Why Does it Rain?
In grade school we were taught how temperature, dew point and moisture in a cloud could condense around a tiny ice crystal to form a drop of rain. But scientists are not really all that sure how raindrops form.
The problem is that the particles of mist in the cloud are all negatively charged. Since their charges are all the same, mist particles don't attract one another; they repel one another so it should never rain.
Some scientists have suggested that radioactive radon gas is responsible for changing this state of affairs in the cloud so that rain is formed. As the radon decays, absorbed by the droplets, it adds a positive charge to them. Because their charges are different than the surrounding negatively charged droplets, they begin to attract each other and soon the droplet has become large enough to fall as a raindrop. Unsure of this theory, other scientists are staying with the ice crystal theory.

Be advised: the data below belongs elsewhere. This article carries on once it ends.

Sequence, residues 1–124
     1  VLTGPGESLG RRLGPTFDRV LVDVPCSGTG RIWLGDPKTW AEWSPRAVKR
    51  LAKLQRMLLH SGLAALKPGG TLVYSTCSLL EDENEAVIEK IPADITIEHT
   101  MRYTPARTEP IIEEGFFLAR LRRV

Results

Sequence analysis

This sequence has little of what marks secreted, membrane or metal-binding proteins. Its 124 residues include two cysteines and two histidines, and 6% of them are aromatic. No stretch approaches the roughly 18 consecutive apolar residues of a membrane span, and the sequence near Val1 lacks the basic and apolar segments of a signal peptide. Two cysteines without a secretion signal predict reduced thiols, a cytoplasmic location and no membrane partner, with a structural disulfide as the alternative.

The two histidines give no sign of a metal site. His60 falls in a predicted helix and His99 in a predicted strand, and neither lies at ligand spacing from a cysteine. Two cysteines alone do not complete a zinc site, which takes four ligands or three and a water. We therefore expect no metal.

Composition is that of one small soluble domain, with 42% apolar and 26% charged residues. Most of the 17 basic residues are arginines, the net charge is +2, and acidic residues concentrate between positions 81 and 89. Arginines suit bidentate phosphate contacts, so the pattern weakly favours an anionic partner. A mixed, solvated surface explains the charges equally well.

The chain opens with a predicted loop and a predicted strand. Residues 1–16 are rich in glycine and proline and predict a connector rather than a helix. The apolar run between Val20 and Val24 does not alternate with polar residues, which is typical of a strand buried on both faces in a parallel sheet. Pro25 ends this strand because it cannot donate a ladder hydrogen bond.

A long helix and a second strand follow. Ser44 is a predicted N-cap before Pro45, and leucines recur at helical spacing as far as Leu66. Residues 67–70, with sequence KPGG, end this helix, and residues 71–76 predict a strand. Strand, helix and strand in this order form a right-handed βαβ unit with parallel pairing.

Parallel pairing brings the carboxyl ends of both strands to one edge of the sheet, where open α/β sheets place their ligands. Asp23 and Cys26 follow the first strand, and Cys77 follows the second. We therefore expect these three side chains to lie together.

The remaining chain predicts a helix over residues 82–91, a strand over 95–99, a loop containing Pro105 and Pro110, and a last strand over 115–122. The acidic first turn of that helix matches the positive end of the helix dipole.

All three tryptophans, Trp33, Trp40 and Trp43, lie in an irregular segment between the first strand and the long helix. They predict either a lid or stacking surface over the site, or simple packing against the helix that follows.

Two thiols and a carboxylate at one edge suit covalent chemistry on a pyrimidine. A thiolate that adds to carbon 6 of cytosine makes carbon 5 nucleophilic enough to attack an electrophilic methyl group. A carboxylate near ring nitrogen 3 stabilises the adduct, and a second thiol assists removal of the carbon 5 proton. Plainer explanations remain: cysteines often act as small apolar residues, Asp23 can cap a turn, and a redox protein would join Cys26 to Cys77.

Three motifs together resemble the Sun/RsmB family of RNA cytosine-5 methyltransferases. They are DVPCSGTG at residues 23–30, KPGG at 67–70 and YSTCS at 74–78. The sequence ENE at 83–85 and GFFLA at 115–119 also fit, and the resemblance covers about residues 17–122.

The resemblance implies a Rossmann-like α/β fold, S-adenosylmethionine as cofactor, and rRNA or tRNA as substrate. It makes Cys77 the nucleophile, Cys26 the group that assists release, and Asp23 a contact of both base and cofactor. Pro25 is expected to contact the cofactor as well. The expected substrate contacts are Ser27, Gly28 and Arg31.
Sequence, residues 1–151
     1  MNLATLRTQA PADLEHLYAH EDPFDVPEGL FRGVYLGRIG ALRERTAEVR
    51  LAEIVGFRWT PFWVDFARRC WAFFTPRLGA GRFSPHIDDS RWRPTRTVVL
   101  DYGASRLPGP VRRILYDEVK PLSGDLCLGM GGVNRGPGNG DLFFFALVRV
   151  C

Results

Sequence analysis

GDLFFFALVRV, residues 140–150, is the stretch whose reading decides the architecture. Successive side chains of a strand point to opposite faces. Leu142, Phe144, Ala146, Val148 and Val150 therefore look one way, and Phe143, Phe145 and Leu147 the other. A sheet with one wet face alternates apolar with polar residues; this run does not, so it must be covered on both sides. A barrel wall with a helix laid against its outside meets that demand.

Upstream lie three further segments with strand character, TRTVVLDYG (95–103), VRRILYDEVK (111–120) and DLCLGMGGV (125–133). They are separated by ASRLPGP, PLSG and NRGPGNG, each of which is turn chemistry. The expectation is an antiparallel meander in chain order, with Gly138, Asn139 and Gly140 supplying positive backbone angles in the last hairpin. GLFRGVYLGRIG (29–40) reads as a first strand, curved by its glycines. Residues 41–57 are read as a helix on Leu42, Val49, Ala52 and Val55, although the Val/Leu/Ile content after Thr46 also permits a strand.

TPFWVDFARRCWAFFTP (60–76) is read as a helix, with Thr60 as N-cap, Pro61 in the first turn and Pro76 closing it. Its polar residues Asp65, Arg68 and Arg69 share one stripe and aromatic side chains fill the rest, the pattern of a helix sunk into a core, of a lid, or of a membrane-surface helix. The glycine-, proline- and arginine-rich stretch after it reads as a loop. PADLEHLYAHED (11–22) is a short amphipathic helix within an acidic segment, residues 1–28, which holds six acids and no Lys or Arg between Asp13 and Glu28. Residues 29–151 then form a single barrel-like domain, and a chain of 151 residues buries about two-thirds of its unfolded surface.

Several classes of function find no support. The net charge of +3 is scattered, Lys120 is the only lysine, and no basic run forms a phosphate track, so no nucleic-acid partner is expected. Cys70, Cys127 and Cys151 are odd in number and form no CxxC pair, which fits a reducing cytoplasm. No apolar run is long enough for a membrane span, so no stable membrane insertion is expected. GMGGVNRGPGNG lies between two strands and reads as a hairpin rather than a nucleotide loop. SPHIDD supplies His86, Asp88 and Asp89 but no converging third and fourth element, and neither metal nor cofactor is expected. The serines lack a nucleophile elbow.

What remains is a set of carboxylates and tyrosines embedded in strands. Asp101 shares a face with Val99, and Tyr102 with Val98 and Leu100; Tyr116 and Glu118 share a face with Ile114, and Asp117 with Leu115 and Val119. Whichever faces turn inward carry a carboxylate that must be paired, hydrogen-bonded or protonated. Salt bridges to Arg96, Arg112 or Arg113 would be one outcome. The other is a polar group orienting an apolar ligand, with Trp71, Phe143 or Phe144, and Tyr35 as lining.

Modern science often offers its conclusions with a very sure-sounding voice. But the fact is, scientists are unsure of many things, including the simple problem of why it rains. That's why we shouldn't get too worried when some scientist claims to have discovered something which he says proves the Bible to be in error.